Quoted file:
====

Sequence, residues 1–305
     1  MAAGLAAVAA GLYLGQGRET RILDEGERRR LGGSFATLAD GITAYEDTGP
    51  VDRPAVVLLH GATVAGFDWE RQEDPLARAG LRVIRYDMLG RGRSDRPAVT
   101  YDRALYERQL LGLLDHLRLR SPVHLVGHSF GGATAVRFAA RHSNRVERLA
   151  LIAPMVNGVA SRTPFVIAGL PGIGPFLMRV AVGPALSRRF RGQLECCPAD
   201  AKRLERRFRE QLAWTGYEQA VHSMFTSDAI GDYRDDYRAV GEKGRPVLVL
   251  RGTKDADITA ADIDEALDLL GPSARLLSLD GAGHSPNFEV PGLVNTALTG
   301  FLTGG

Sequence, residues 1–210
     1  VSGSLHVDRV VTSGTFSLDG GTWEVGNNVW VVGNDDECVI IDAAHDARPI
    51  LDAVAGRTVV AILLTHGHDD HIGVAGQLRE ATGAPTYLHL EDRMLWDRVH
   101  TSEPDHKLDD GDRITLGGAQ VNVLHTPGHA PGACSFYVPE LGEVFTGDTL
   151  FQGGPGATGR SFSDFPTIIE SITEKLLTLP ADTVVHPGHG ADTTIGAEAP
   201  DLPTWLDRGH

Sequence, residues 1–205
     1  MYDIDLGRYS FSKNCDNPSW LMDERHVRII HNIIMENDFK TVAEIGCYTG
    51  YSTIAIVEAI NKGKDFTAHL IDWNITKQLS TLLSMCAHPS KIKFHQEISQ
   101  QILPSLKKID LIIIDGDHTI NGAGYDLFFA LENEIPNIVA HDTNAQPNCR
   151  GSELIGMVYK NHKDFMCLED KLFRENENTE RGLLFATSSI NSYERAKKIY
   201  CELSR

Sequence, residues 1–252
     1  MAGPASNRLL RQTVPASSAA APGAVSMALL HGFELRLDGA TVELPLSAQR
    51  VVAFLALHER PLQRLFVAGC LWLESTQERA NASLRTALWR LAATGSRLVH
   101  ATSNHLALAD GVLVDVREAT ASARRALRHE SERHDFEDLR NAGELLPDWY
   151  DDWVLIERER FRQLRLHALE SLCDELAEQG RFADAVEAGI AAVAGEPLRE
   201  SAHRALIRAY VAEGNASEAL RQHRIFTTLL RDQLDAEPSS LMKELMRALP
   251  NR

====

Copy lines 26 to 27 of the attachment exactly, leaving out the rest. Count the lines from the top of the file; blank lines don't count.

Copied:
   201  SAHRALIRAY VAEGNASEAL RQHRIFTTLL RDQLDAEPSS LMKELMRALP
   251  NR